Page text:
In a Seanad debate, Senator Tony Mulcahy claimed that locally based company Enva is behind the severe smells in Shannon, while he was very critical of the Environmental Protection Agency (EPA).
Enva were approached for comment but their only response was to rebut separate comments made by another senator about their Portlaoise facility. The EPA defended itself against Mr Mulcahy’s allegations and claimed it is proactive in seeking to prevent pollution.
Speaking in the Seanad, Senator Mulcahy said, “Last year, I attended a meeting at which the horrendous smell that caused a serious problem in Shannon for the last couple of years was discussed. The smell was coming from the treatment plant, but I have always asked what was going into the treatment plant to cause the problem. There are 350 inadequate treatment plants around the country, but they do not all cause such a smell. We received figures from Enva in Shannon last year. These figures are on the public record. In 2005, Enva dumped 10,000 liquid tonnes of leachate, which is the run-off from Gortadroma dump and a dump in South Galway, into the Shannon treatment system. That figures was 6,000 tonnes in 2008, but by 2012 it had increased to 25,000 tonnes. The figure was 17,000 tonnes last year.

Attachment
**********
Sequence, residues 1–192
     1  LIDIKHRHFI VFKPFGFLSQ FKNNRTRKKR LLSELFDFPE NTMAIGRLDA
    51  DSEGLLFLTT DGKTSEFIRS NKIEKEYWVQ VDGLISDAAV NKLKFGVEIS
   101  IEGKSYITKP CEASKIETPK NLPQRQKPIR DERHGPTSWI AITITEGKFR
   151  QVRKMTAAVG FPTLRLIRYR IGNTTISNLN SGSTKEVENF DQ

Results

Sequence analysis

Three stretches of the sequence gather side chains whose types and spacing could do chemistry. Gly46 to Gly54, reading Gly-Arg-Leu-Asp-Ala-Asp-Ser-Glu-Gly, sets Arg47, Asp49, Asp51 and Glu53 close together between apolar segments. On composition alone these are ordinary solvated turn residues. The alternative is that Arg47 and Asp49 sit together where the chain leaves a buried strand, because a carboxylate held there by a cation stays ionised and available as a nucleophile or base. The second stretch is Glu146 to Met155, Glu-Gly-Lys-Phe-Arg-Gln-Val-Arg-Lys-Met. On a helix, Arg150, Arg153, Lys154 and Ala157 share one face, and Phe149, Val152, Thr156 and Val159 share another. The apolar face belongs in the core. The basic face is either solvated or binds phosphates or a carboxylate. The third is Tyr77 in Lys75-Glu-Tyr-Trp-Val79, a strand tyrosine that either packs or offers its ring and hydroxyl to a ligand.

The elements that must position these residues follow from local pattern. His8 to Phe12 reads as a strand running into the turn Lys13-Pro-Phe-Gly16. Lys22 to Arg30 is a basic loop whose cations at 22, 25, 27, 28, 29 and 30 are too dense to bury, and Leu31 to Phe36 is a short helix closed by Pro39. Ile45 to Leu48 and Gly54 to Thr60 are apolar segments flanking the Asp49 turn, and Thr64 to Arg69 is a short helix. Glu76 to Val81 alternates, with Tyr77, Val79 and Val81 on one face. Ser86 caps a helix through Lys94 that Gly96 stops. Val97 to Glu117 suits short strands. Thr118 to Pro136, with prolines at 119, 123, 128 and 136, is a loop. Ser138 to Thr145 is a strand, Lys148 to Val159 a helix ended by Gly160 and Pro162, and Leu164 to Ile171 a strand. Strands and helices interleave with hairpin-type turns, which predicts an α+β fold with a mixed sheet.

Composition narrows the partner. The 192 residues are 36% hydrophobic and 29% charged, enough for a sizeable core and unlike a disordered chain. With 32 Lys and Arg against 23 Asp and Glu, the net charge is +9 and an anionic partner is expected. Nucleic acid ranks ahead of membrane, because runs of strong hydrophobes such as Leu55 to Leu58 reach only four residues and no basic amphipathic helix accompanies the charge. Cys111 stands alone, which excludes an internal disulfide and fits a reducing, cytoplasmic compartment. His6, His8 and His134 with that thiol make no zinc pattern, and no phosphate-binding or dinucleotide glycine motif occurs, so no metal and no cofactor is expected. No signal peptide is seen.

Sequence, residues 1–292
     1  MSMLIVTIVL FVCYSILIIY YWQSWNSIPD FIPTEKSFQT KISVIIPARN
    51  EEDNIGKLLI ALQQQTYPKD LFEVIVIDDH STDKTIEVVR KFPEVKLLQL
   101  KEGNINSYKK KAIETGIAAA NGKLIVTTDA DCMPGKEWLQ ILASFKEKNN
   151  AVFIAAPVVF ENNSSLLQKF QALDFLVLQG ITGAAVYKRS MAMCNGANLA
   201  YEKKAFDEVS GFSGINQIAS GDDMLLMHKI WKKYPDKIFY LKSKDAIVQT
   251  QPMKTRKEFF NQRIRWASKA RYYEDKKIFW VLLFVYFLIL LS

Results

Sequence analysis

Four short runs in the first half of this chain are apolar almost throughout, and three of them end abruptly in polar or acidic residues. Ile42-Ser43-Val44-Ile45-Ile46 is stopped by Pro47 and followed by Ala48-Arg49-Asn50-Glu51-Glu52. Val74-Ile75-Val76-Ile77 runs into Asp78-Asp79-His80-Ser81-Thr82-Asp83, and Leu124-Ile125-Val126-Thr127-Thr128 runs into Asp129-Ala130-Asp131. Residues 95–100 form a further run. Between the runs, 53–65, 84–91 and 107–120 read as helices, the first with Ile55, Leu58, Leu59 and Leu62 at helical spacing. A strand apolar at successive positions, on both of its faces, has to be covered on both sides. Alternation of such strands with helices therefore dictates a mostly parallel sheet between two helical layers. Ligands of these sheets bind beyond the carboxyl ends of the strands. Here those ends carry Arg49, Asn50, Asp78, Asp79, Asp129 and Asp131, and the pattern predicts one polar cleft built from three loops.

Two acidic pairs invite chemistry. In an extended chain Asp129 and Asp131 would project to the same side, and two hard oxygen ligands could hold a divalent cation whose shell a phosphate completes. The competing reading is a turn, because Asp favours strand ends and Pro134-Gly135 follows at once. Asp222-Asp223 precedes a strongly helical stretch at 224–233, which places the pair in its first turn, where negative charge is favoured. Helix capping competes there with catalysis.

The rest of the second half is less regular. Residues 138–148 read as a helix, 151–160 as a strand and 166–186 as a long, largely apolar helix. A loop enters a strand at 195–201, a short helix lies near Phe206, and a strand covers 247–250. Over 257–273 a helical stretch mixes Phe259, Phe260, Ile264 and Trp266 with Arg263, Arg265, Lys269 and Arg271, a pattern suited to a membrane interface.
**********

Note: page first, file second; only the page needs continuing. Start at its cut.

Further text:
“The EPA will try to tell us the leachate is not the cause of the problem because it is treated in the plant. The problem with this kind of self-monitoring system is that when one calls to give two weeks notice of one’s intention to call out, one can be sure the boys will have the figures well doctored by the time one gets there.”
He said he has no doubt why the smell in Shannon arose. “I absolutely believe the dumping of this leachate into the treatment plant in Shannon was the cause of our smell. I have no doubt in the wide earthly world that this is the case. I have asked Irish Water to investigate the matter. The problem is that this thick black liquid substance-one can imagine the run off from a septic tank or a silage pit-stays in the system.”